So perhaps I know what you might be thinking, it is old information and possibly not the situation as it is now and that perhaps many are reading it and thinking negative things ?
The way I see it, the best live drum solos are the ones where the dancer is playing with the music and the drummer (and the drummer plays with the dancer), and the best duets (same or opposite gender) are the ones where the dancers play with each other and the music.
But to each their own...
[QUOTE-Zorba]Nuts - it would have been a good idea at the time, huh? Its probably about 5 years old now...[/QUOTE]
LOL, my webmaster side knows how it is. But I do think it needs a date to reflect that things change.
The UK history thread made me think - where DID we get our perspective on BD in terms of classes? It may well have had a heavy dollop of the belly dance = wimmin's space ethos that some teachers haven't wanted to shake off, maybe because it's so fundamental to their idea of what bellydance is.
IMO it's maybe a little old-fashioned these days. For anyone who is in touch with the (ME-focused) BD scene, we have enough really high profile male dancers that a "no guys" policy is increasingly nonsensical. I've seen male students at workshops and events and it's no big deal.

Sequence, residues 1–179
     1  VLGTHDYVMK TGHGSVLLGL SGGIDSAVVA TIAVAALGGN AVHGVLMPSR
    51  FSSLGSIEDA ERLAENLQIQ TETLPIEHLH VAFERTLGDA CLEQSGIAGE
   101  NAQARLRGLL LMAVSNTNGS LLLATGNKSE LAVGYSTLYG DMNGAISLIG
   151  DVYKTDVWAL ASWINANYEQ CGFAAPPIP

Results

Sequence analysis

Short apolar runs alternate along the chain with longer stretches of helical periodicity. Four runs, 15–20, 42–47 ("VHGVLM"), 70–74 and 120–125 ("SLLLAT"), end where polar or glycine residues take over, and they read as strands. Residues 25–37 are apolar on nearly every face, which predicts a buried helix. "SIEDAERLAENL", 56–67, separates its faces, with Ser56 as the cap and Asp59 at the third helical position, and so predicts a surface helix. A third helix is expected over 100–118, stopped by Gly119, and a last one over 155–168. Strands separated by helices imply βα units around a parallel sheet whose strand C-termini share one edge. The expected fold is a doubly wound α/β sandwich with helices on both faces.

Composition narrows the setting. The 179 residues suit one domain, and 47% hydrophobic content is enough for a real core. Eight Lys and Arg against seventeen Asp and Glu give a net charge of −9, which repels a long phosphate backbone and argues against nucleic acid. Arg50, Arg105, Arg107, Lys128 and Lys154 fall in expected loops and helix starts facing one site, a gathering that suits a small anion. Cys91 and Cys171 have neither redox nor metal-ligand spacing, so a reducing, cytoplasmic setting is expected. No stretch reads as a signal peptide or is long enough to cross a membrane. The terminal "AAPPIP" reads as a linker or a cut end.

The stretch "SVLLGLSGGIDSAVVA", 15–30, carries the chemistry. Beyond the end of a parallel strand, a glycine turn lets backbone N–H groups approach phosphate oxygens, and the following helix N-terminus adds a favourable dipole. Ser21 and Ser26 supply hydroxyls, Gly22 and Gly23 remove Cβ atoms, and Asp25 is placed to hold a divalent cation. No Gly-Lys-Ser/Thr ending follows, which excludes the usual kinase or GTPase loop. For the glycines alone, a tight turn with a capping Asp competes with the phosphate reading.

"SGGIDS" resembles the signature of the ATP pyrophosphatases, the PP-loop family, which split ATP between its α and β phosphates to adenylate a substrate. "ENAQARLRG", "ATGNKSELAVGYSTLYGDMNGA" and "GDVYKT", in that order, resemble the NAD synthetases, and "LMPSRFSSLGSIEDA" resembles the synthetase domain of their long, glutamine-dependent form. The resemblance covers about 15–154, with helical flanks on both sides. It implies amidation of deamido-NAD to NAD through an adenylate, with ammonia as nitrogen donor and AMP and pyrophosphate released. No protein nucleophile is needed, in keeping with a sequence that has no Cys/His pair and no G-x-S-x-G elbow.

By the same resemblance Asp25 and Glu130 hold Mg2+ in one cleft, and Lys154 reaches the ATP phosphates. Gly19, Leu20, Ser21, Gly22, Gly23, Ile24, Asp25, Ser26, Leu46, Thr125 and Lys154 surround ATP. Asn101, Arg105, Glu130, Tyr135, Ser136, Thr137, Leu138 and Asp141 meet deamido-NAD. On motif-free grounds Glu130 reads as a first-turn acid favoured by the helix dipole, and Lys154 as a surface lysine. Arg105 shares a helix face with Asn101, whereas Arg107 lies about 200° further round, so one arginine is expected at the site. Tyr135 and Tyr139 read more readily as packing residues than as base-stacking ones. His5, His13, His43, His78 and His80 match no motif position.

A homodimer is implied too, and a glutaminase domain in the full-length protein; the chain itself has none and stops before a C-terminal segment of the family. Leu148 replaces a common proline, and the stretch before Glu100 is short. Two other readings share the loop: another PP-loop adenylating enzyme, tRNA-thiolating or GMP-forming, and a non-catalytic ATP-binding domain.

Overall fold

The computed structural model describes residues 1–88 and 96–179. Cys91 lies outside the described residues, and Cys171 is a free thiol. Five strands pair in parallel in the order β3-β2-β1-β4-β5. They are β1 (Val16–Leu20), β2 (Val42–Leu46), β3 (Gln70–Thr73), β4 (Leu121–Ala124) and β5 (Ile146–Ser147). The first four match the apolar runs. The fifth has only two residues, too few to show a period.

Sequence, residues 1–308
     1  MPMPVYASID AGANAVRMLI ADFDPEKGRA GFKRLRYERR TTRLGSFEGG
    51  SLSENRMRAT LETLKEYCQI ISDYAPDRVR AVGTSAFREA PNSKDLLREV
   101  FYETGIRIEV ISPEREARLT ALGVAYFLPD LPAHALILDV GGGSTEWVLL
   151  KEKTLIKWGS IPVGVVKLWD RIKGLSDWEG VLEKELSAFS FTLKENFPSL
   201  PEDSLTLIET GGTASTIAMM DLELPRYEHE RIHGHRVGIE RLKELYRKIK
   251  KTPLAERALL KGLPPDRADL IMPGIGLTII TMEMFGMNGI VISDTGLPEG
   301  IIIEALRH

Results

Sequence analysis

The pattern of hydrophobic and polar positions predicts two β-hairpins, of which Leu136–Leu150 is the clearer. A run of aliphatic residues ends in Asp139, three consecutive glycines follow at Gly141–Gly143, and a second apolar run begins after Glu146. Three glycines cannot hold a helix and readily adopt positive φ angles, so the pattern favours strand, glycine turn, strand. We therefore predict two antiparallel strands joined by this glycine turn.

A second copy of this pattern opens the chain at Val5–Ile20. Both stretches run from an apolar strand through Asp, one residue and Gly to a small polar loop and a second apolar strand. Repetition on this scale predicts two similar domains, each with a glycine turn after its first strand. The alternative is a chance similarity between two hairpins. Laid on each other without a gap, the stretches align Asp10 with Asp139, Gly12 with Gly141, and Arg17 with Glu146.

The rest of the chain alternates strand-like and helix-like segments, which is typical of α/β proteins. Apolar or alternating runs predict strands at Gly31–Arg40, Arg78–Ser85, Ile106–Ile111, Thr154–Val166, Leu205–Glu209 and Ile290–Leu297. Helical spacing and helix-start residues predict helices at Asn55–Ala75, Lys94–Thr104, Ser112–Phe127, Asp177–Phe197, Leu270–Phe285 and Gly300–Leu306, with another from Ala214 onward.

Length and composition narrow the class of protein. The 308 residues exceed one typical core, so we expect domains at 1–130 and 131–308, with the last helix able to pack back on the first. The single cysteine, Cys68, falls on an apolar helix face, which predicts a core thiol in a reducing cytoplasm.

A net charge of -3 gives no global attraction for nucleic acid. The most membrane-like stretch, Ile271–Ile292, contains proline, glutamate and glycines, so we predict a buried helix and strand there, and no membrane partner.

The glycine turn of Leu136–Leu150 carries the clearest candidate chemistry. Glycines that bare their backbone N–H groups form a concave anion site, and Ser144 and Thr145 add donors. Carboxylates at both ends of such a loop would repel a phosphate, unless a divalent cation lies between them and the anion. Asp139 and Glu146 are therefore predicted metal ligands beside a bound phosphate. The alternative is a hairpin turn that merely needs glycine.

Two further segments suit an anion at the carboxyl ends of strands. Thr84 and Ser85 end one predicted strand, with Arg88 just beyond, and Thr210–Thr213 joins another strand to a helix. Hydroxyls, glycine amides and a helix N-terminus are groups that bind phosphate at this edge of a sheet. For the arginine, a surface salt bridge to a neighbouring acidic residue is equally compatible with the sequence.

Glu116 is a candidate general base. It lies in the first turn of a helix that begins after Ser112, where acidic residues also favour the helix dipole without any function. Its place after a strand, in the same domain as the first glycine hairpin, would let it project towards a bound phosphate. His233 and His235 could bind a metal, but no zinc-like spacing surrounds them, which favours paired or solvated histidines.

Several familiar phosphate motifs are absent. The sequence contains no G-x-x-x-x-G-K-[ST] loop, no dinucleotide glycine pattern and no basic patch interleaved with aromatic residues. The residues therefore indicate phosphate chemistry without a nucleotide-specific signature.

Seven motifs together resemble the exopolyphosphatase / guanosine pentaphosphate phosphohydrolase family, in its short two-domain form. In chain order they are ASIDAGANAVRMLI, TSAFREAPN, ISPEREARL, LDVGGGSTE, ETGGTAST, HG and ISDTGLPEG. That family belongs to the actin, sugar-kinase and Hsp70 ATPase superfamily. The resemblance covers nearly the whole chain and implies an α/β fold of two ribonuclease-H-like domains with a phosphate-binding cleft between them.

I do appreciate that some guys have a tough time finding classes and I'm not trying to downplay people's experience, but it'd be a pity if male dancers in the UK expected to meet a wall of hostility and rejection - some of your potential classmates and teachers really don't have that attitude.
Bellydance "feels" different for want of a better word.
The dynamic is completely other in bellydance as is the awareness and interaction with other performers.In bellydance I've performed with others from class and we are aware and interact but it's not the same level of awareness because it's not the same degree of intimacy.
I'm not putting this well but as someone who loves both, they're completely different in how they feell.
Before anyone mentions Belly-Tango fusion, I've seen it on more than one occasion but I've never liked it. The two just don't mesh properly to my way of thinking.
The only male / female bellydance piece I saw and really liked was a lady called Beatrice Parvin who performs in London. She danced at a hafla I attended. Her husband played the violin and she danced for him to his music. He didn't dance but interacted with her. That worked and the chemistry was absolutely beautiful and transformed the dance into something truly special.